"Whatever is amiss in your circumstances, do not indulge a restless, discontented spirit, and try to lay the blame anywhere but on yourself. It is bad enough if you have brought yourself to ruin, but if you realize that it was because of your own folly—by all means cherish the conviction rather than stifle it, for after all it affords the best hope of mending matters. Surely you have more power to correct your own follies—than the follies of other people. Industry and patience can remedy almost any common grievance; but discontent and despair only increase them. 'The foolishness of man perverts his way, and his heart frets against the Lord.' Instead of indulging this repining spirit, submit yourself; humble yourself under the mighty hand of God; acknowledge that you have deserved all you suffer, and much more. Resolve to act differently for the future, and beg of God to give you strength and grace to keep your resolutions. Let the fear of God rule in your heart; this will make you think well and act well, and when you most need it and least expect it, God may raise you up a friend, or open to you a way of deliverance.

"Do not meddle with politics. I never knew a young tradesman either do good or get good, who was fond of political debates or newspapers. 'Fear the Lord and the king, and meddle not with those who are given to change.' 'Let God govern the world, and the king the nation—and mind your own business!'

"If you wish to prosper, you must be persevering as well as industrious. Be not discouraged if you do not at first enjoy as much success as you could desire, but try again and again, still humbly depending on the blessing of God, and sooner or later you will in some measure succeed, perhaps far beyond your present expectation. One great man was encouraged to perseverance by observing a spider, which, in attempting to reach the beam on which to fix its web, failed twelve times, but succeeded the thirteenth. Another person, when forced to take shelter from the pursuit of his enemies, concealed himself in a ruined building, and remained there several hours. While meditating on his hopeless condition, he saw a little ant carrying up a high wall a grain of corn much larger than itself. He numbered the efforts made by this diligent little creature to accomplish its object; sixty-nine times the grain fell to the ground, but the seventieth time the ant successfully reached the top of the wall. The lesson thus imparted was never forgotten.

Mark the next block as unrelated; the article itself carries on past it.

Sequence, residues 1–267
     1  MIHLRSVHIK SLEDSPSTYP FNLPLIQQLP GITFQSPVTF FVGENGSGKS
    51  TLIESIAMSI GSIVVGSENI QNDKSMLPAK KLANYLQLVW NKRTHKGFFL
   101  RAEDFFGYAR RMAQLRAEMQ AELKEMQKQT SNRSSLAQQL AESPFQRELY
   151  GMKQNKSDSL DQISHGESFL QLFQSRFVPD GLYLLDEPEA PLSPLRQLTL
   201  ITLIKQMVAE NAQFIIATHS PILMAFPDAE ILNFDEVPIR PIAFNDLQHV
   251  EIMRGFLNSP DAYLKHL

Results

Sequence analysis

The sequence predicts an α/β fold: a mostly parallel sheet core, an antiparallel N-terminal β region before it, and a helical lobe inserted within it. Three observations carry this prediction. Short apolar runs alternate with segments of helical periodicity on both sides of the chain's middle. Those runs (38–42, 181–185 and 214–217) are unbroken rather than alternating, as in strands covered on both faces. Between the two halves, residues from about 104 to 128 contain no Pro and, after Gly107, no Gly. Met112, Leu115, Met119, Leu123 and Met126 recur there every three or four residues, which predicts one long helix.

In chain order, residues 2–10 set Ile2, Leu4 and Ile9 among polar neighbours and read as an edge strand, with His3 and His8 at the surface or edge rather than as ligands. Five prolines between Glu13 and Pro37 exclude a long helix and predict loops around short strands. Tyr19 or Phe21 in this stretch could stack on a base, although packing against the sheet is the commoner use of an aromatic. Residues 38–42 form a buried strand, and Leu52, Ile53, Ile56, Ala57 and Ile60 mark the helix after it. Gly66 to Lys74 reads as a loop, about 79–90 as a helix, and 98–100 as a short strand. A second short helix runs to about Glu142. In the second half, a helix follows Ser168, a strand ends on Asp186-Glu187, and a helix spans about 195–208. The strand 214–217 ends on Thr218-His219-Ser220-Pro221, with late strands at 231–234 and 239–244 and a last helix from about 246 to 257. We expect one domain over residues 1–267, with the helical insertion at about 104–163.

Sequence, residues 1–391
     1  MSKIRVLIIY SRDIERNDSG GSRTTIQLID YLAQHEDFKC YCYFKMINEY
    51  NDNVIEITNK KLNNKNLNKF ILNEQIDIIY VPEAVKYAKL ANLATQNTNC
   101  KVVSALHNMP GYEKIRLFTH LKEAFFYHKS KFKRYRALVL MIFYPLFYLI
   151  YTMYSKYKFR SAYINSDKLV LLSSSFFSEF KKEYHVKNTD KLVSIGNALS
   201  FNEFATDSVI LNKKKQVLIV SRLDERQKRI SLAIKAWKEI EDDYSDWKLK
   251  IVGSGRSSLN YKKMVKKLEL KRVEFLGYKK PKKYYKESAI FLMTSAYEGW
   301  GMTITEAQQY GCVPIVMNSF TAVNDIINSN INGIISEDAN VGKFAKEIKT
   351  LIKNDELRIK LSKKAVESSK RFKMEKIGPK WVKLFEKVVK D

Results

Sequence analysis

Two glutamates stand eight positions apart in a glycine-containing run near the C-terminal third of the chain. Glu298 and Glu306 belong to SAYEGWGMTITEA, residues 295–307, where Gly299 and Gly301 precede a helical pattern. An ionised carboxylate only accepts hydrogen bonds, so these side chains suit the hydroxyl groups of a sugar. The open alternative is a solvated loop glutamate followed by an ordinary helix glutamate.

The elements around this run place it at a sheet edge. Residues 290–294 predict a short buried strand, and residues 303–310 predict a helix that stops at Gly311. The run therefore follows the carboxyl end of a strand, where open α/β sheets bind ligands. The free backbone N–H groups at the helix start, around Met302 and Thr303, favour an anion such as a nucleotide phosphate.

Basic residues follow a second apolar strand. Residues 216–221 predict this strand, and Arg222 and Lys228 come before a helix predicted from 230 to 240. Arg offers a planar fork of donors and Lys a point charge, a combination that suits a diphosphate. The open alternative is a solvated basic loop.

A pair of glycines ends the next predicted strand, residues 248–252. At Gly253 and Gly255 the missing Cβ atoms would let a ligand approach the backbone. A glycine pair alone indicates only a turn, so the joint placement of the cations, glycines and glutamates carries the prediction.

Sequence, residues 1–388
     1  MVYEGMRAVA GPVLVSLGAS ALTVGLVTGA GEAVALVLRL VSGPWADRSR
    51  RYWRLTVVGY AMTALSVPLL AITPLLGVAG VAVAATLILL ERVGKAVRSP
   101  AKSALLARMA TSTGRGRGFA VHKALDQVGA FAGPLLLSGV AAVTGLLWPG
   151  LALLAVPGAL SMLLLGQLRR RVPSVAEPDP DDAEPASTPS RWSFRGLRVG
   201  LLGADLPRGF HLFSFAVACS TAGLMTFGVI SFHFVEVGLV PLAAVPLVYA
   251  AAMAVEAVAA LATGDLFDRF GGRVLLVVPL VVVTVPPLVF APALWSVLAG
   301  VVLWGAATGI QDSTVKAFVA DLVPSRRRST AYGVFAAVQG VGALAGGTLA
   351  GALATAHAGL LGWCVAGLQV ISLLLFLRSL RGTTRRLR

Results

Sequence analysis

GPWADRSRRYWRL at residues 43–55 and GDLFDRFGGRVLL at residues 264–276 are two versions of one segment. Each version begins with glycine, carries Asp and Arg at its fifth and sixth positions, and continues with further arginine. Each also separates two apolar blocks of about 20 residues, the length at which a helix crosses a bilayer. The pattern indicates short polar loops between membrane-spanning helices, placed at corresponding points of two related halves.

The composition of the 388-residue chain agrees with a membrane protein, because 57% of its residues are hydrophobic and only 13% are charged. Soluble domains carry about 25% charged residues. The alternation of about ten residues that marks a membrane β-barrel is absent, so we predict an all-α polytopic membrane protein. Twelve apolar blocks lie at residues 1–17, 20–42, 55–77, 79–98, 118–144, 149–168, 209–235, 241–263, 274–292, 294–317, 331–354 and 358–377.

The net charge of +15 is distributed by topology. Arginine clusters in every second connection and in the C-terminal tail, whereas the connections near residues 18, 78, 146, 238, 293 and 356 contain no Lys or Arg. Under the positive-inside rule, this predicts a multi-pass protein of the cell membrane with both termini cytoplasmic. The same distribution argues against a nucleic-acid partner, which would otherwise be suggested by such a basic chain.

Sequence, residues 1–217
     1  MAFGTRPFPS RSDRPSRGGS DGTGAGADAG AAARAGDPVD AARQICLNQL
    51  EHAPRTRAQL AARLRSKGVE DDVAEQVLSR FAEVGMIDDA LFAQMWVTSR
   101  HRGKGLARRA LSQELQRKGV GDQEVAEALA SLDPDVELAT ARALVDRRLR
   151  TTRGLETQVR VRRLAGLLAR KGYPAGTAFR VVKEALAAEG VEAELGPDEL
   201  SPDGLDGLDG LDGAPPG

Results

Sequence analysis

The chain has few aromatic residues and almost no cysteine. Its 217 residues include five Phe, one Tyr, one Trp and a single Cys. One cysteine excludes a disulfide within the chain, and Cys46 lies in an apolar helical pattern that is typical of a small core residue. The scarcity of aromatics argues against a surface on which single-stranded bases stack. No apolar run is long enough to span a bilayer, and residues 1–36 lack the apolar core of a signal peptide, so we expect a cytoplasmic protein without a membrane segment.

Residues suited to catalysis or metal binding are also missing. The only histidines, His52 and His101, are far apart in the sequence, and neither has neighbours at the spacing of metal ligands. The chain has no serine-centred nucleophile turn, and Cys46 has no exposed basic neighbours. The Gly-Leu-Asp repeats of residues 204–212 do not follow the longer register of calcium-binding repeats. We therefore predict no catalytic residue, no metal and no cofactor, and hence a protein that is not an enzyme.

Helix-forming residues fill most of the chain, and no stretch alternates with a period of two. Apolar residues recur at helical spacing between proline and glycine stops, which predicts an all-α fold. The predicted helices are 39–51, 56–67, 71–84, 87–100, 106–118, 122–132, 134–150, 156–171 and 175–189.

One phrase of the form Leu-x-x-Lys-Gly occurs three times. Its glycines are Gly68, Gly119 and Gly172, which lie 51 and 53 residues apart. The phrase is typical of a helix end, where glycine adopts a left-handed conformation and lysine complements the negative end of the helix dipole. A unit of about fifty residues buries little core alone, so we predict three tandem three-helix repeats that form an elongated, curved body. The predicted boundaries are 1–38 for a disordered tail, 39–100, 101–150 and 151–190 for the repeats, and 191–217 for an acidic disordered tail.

"It is greatly to the honor of a young tradesman, instead of consuming all the gains of his industry—to lay aside a portion for old age or sickness.

'For age and want, save while you may;
No summer's sun lasts a whole day.'

Lay up while young, and you will find it when you are old. A prudent care and savings may be cherished, without yielding to a selfish or distrustful spirit.